Certain pieces of advice are timeless. Treat others the way you would want to be treated. Prepare for the worst, hope for the best. Never drink orange juice immediately after brushing your teeth and so on.

But, what about Halloween decoration advice from 1907, or what was known as a Witches' Night Festival?

A resurfaced tweet from 2017 shows a newspaper clipping that is, as claimed by the post, from a 1907 article published by Detroit Free Press:


Let's go through the advice and see if it still holds up today.


First, the article claims that Halloween is the most attractive form of entertainment to young people because,

the conventional is banished in behalf of the weird and fantastic.

That still feels true today. And judging by the following tips, people in the early 1900s knew how to throw an elegant Halloween bash.

Decorations

As far as decorations are concerned, the advice given says, yes...of course, you have to decorate with jack-o-lanterns. But, don't ignore the corn! Make sure to include,

festoons of corn braided by the husks, autumn leaves, and chrysanthemums.

If you're scratching your head at 'festoons' you are not alone. Merriam-Webster defines a festoon as a decorative chain or strip hanging between two points.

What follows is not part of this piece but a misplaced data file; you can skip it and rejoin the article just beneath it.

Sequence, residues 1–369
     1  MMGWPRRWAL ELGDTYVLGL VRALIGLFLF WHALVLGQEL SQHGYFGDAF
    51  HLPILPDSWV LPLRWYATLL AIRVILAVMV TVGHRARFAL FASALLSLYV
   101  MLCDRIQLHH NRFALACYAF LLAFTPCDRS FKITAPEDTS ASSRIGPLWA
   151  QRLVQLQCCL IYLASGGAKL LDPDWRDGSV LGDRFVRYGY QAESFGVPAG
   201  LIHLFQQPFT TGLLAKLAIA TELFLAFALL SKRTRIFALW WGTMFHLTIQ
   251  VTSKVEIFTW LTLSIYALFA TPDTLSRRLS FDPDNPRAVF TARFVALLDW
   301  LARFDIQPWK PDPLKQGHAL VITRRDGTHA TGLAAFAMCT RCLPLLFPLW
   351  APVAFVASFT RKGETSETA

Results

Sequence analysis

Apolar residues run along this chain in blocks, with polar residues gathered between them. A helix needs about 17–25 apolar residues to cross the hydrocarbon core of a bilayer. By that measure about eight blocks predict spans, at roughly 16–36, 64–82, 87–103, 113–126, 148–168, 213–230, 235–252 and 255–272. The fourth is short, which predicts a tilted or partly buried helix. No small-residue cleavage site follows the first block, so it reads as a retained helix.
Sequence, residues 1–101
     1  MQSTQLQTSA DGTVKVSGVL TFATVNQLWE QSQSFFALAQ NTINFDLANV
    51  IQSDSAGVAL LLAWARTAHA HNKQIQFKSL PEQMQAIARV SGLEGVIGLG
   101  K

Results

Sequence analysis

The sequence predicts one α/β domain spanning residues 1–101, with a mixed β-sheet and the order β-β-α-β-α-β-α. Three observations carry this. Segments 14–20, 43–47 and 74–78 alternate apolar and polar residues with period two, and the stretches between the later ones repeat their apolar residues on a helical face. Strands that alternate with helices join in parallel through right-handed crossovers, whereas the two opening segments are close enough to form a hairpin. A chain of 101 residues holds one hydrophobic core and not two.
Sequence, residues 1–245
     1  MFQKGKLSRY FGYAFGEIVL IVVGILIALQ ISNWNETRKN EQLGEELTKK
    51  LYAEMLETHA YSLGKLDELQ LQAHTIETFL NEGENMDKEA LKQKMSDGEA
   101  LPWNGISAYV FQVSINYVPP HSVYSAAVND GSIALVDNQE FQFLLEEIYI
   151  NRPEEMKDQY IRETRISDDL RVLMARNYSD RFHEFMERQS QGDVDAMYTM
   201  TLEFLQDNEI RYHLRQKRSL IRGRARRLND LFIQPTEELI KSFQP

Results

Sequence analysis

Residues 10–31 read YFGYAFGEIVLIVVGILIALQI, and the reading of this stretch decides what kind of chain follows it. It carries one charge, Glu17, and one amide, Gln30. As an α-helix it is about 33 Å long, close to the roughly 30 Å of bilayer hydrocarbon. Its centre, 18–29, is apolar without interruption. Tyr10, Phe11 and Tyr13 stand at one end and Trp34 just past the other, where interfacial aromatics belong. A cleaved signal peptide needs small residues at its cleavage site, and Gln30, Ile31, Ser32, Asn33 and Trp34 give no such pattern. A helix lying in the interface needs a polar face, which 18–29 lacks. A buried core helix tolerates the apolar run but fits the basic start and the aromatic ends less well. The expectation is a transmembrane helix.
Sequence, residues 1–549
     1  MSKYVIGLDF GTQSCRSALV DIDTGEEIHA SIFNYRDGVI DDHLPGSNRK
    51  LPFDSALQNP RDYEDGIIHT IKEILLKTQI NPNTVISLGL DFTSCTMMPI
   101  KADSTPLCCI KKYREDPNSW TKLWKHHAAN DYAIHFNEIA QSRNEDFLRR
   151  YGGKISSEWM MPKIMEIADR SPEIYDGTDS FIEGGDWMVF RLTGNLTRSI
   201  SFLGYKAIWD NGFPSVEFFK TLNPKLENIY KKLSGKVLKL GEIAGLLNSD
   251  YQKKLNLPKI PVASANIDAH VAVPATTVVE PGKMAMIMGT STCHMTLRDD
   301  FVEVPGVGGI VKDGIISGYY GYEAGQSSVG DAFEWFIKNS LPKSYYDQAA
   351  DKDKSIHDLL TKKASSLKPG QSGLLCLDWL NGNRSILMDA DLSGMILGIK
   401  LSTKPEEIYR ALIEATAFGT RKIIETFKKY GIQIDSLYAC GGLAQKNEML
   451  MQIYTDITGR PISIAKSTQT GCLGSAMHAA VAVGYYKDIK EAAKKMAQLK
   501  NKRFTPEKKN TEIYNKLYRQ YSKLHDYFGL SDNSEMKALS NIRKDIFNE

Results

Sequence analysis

If you're in need of candlesticks to encourage the spooky mood, it's suggested that they can be improvised from small pumpkins or small squash. As well, the centerpiece should stand out. Try a carved-out pumpkin filled with chrysanthemums placed on a lace doily. To go even further, try hanging yellow and red apples from individual wires attached to the chandelier.

Clearly, chandeliers were much more common back then.

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Food

There's not a lot of advice regarding food, at least when we're talking about main courses. However, it does mention menu cards (talk about fancy) that can be decorated with witches, black cats, owls, etc.

For dessert, the author suggests that you can serve small fancy cakes (cupcakes?) that can be decorated using,

icing places in a small tube made of stiff writing paper.

Also known as a piping bag. While piping bags were invented in 1820 it's possible they weren't widely available to the public. In that case, a small tube made of stiff writing paper would do the trick!

Party Favors

Of course, no social gathering would be complete without a parting party favor. The author suggests using,

large, rosy apples with a jack o' lantern face carved on each one.

That...sounds like a lot of work. You can also create books made of black paper with spells, superstitions, and other Halloween-themed inscriptions. But, make sure you print those in red ink.

Sure, that would definitely pop against the black paper but now the main question is...how much time did people in 1907 have on their hands?

Last, But Not Least...

To really spice up the party, the article suggests having someone dressed up as a witch to,

read fortunes to add to the zest of the occasion.

It goes on to say that you can also employ a man dressed in women's clothes because they make, "more realistic witches."


Overall, those are a few great suggestions to spice up a Halloween party. Now, who's going to sign up to carve jack-o-lanterns into 20 individual apples?

Adding 'festoons' of braided corn would certainly add an interesting twist to your Halloween decorations.

LOOK: How Halloween has changed in the past 100 years